Of the eight tumor regressions observed, two partial and one minor regression were confirmed approximately 4 weeks later. Confirmation of the other five regressions at 4 weeks after initial response characterization was not possible because of injected-tumor progression(n = 2), death from unrelated causes(n = 1), patient decision to withdraw from the study (n = 1), or distant noninjected tumor progression (n = 1) just prior to the 4-week confirmatory evaluation.

Correlation of Tumor Response with p53 Gene Status.

A significant correlation was demonstrated between the induction of tumor response after necrosis and the p53 gene status of the tumor (Table 2). Seven (58%) of 12 p53 mutant tumors underwent significant necrosis and achieved significant response, whereas none of the 7 p53 wild-type tumors achieved a response (P = 0.017). An evaluable p53 gene sequence could not be obtained from five tumors. Neither the baseline neutralizing antibody status (positive or negative), nor exposure to prior radiotherapy, nor the baseline tumor size (maximal diameter < or ≥3 cm.), nor Karnofsky performance status (≥90 versus <90)correlated significantly with response (Table 2).

Time-to-Tumor Progression.

Tumor progression was rapid in most cases. The median time to progression at the injected tumor site was 51 days (range, 21–114 days). Six (25%) of 24 patients were without progression of the injected tumor after 3 months on study (Fig. 4). The time to progression of injected p53 mutant tumors (median, 56 days)was delayed compared with p53 wild-type tumors, although not significantly (median, 21 days; Fig. 4; P = 0.28).

Humoral Immune Response.

Approximately 60% of patients had positive neutralizing antibody titers at baseline. Within 3 weeks of treatment initiation, all of the patients had positive neutralizing antibody titers and significant antibody titer increases (Table 3). There was no correlation between baseline neutralizing antibody titers and induction of tumor response (Table 2).

p53 mutation is the most common genetic abnormality identified in human cancer (37), and it is frequently associated with both a decreased responsiveness to standard chemotherapeutic agents and a poor prognosis (6, 38, 39). Novel therapies that can target these resistant tumors are needed. We report that ONYX-015 can cause CPEs in recurrent and refractory p53 mutant squamous cell tumors of the head and neck. ONYX-015 presence was not detected in peritumoral normal tissue,despite direct injection. In addition, ONYX-015 induced p53 mutant tumor-specific response in association with necrosis. CPEs were not documented in normal tissue nor in tumors containing wild-type p53 genotype. ONYX-015 seems to be the first therapeutic agent specifically designed to target p53-deficient tumor cells that has demonstrated selectivity in patients. Future clinical trials will demonstrate whether this selectivity for p53 mutant tumor generalizes to other cancer patient populations. ONYX-015 is also the first genetically engineered replication-competent virus to demonstrate selective intratumoral activity in patients.

The role of the immune response to replicating viral agents is unclear. This will best be answered in clinical trials because of the lack of an immunocompetent animal model that supports efficient adenoviral replication (40, 41). Neutralizing antibody titers either before or after treatment were not predictive for antitumor activity. Although encouraging, this finding does not rule out an inhibitory role for neutralizing antibodies during a longer-term treatment or after other routes of administration (e.g., i.v.). Future studies will be needed to better define the role of antibodies and whether their suppression would be beneficial. The role of cell-mediated immunity in either increasing or decreasing the antitumor activity in these patients is still unclear. These end-stage head and neck cancer patients were relatively immunosuppressed. CD4 cell counts were less than 500 (per μl) in 65% of the patients and less than 200 in 25%. Delayed-type hypersensitivity skin reactivity to common antigens was low in 70% of patients. Therefore, cell-mediated immunity may play less of a role than in more immunocompetent patient populations. The time course and magnitude of immune cell infiltration into tumors after injection will best be determined by histological assessment of the entire tumor mass (e.g., after surgical resection) at varied time points after treatment. On the basis of those results, immunomodulatory strategies might be developed. Finally,antiviral cytokines may also affect adenoviral replication and/or spread (42, 43).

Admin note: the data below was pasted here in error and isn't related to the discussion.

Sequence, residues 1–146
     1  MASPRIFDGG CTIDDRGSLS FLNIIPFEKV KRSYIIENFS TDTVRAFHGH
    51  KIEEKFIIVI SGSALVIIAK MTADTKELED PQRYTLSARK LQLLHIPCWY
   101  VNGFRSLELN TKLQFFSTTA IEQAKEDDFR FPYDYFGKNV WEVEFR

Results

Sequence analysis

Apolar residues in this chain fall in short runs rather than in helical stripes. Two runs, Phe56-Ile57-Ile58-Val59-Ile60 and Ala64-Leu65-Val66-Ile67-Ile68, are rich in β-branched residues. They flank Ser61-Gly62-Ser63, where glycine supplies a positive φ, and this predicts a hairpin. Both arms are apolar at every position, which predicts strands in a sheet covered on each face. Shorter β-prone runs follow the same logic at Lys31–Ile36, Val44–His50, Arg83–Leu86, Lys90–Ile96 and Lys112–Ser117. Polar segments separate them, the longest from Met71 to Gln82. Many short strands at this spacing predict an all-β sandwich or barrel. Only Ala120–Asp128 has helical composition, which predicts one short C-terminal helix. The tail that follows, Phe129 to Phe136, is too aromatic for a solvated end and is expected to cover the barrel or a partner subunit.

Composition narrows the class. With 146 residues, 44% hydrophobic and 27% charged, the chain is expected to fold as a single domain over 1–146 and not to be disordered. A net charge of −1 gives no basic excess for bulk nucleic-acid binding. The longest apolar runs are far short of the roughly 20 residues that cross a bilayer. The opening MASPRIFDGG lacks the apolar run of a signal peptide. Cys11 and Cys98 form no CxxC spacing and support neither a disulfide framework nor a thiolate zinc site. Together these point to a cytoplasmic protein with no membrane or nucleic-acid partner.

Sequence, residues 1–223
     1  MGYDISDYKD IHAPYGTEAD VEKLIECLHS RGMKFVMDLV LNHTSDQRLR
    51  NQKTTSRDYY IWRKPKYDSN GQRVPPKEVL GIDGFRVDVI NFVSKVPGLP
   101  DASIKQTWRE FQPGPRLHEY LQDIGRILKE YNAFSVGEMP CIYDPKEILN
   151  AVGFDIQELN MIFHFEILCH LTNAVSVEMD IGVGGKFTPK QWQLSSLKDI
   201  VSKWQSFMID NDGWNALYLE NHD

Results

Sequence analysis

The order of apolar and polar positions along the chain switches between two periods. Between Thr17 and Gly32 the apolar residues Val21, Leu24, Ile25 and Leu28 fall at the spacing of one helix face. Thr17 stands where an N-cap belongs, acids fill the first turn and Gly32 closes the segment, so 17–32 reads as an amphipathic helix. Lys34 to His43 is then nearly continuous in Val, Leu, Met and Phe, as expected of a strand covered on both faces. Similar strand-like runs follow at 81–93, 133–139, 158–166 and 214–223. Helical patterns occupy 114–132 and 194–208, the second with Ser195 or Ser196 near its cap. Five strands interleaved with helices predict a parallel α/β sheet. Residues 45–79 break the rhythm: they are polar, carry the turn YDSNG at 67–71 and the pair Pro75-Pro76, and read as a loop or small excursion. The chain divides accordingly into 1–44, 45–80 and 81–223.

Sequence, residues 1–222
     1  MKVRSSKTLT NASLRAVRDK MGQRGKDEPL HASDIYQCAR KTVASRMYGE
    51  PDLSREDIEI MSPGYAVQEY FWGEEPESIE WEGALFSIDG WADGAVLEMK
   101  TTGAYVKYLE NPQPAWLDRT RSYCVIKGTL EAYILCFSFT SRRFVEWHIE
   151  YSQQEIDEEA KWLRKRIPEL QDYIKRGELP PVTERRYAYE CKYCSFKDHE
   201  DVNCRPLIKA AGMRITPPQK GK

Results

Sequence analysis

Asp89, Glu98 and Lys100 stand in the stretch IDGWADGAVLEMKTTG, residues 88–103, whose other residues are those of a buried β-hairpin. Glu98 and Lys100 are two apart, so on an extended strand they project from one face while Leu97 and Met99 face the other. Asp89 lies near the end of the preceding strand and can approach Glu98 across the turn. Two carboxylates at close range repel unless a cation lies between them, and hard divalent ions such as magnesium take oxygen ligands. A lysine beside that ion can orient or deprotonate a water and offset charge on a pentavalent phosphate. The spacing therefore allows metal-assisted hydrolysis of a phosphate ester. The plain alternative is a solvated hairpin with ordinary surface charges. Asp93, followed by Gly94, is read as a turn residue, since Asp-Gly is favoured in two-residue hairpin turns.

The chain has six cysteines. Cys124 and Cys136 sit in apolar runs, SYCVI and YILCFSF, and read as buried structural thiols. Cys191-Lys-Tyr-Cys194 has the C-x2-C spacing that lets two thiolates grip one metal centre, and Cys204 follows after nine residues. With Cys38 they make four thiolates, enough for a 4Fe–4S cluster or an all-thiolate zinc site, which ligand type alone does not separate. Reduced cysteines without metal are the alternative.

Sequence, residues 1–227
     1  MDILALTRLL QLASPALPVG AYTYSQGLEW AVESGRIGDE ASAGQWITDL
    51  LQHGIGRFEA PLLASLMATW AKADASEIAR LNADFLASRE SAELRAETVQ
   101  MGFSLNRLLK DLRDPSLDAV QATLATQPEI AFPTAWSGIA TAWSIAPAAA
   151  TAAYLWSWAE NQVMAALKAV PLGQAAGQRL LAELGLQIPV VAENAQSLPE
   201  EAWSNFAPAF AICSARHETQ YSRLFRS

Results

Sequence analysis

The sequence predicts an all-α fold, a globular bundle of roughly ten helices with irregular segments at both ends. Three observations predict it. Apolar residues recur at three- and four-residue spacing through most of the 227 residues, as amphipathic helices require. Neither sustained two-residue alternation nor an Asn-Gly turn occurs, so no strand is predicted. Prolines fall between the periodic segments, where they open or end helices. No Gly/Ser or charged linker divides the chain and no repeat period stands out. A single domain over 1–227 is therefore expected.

Despite the encouraging biological activity demonstrated with ONYX-015 in this clinical trial, clinical benefit was not seen in the majority of patients. Tumor progression was rapid in the vast majority of patients, even for tumors that underwent substantial necrosis after treatment. These patients were heavily pretreated and were end-stage in most cases; the life-expectancy is 3–4 months in this patient population (44, 45). Additionally, because patients who progressed within two cycles at noninjected sites were excluded, these results cannot entirely rule out the possibility of a more beneficial response in patients with multiple slower-growing tumors. The true clinical benefit of intratumoral injection with ONYX-015 as a monotherapy will, therefore, need to be determined in randomized trials and, possibly, in earlier stage patients.

Future approaches also include the addition of therapeutic genes with antitumoral effects to ONYX-015 (i.e., using ONYX-015 as a delivery vehicle), so-called “armed therapeutic viruses.” ONYX-015 has several favorable characteristics as a vector for gene delivery:inherent antitumoral activity and selectivity; potential amplification of the transgene leading to high level expression; and enhanced intratumoral spread versus nonreplicating vectors. If these approaches are successful, viral therapy with genetically engineered viruses may become a novel therapeutic platform for the treatment of cancer.

The costs of publication of this article were defrayed in part by the payment of page charges. This article must therefore be hereby marked advertisement in accordance with 18 U.S.C. Section 1734 solely to indicate this fact.

2

The abbreviations used are: CPE, cytopathic effect; pfu, plaque-forming unit(s).

3

M. Korn, personal communication.

4

I. Ganly, personal communication.

5

S. Freytag, personal communication.

6

Unpublished observations.

7

J. Nemunaitis, F. Khuri, I. Ganly, J. Arseneau,J. Kuhn, T. McCarty, S. Landers, L. Rommel, C. Heise, B. Randlev, T. Reid, S. Kaye, and D. Kirn. A Phase II trial of intratumoral injection of ONYX-015 in patients with refractory head and neck cancer. J. Clin. Oncol., in press.

We thank the following individuals for their important contributions: Dianne Davies, Sherry Toney, Deborah Hahn, Olga Diri, Ana Petrovich, Patrick Trown, Amy Waterhouse, Brian Breitbard,Pia Roo, Kimberly Sultan, and Fran Kahane.